The lady of East Liverpool who had the most influence on East Liverpool through the years is Florence Updegraff. Florence moved here as a small child with her family. She graduated from the Union School in 1879 and began her teaching career the next year in the grammar school. In 1890 she became the Principal of the High School. During her term which lasted until 1927 she saw the construction of Central Building as well as the new "white" building in 1915. The number of students in the schools greatly expanded as school laws changed. She saw the introduction of high school athletics, addition of the Band, School Year Book and Newspaper as well as the acquisition of Patterson Football Field. After she retired from teaching she was elected to one four year term on the School Board.
In addition to her contributions to education in the community, she was active in her church, President of the YWCA and the Federation of Women's Clubs. She was also active in the Red Cross, and was a speaker for the Bond Drives during the first world war. At her death in 1935 she was considered one of the leading citizens of the community. Yet it was many years after her death before a tombstone was placed over her grave by business men in the community.
Jere Simms was a descendant of the third owner of East Liverpool His grandfather had traded a farm in the Wheeling area to Thomas Fawcett Junior for the Liverpool townsite. Simms chose the newspaper business working for a few years out of town before he purchased the "East Liverpool Democrat". He is best remembered for the "Tribune" newspapers and the Simms Printing Office.
It was Jere Simms who first called East Liverpool the Staffordshire of America and also referred to the city as the City of Hills and Kilns. Simms interest in history was noted in his many articles of historical interest in his newspapers and his writings about John Hunt Morgan's Raid. It was Simms idea to publish a two volume history of the history of Columbiana County. He died before he could complete that task. He also served as President of the East Liverpool Historical Society.
A very enterprising business man of the area was C. A. Smith. Although he was not a resident of East Liverpool, his business interests greatly affected the town. Smith started in the gas and oil drilling business but is much better remembered for the transportation system which he developed. After the Chester Bridge was constructed , he expanded the trolley lines through East Liverpool and Chester, West Virginia. He owned Rock Springs Park in Chester and promoted ways to get crowds to the park. That was the place for picnics and family outings, school dances and many other community affairs.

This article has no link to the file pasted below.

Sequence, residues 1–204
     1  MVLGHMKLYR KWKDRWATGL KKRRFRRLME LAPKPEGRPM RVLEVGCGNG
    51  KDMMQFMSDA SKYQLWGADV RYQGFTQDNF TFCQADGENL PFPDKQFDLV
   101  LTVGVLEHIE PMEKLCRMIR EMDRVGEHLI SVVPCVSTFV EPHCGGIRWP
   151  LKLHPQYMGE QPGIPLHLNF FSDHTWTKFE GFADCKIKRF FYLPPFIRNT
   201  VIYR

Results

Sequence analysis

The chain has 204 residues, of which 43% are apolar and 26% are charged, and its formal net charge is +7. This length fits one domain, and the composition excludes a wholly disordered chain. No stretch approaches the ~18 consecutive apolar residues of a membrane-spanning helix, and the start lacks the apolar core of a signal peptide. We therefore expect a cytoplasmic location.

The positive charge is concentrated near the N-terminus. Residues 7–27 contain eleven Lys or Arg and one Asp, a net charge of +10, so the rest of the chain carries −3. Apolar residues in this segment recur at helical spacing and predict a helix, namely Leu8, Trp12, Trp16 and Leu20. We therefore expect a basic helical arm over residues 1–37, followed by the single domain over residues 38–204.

Mr. Smith also had an interest in the Taylor, Smith and Taylor China Company as well as Hillcrest Farms where he produced fine orchards and champion cattle.
Monroe Patterson was a prosperous industrialist who greatly benefitted this town. He was the owner of the Patterson Foundry which supplied most of the potteries with needed supplies and equipment. Through Mr. Patterson's generosity, the West End field became Patterson Field for high school sports. After the death of Mrs. Patterson in the mid 1920's, Mr. Patterson had plans drawn up for a four story building in which working women could reside. The Mary Paterson Memorial Building was started under Monroe's direction, but he died before the building could be completed. From 1930 until the early 1980's the building housed many working women. It provided adequate living quarters, a large auditorium , a swimming pool and a restaurant. As living conditions changed , other options were available for working women, the basement and first floor became commercial ventures. During the 1980's the building was closed. It is now the property of Kent State University. Mr. and Mrs. Patterson would be pleased to see how the building is now being used by the students.
A name synonymous with success in the East Liverpool area is that of Homer Laughlin. Homer was born in Beaver Bridge, Ohio and attended Neville Institute. After serving in the Civil War, he returned here and first worked in the oil and gas operations at Smith Ferry. Later along with his brother Shakespeare, he was in the China importing business. By the early 1870's the brothers had bought their first building on West Market Street ( Dresden Avenue) and opened a pottery. They received a $500 bonus from the city and started a four kiln pottery. From the start the Laughlin Brothers were very successful. Shakespeare left the firm to go back to the Import Business.
Homer expanded the pottery and first moved to the River Road and then to a much larger plant in the East End. Homer was the first local pottery to use an American Back stamp--- the Eagle towering over the lion. Mr. Laughlin was known for making many improvements and innovations in the industry. By the late 1890's Homer Laughlin wanted to move on to other ventures. He sold his interests in the pottery to his bookkeeper Mr. Wells and the Aaron family of Pittsburgh. Homer Laughlin moved to California and the Homer Laughlin China Company expanded again by moving to Newell, West Virginia into new factories. The company continues to be innovative and still has expanding markets.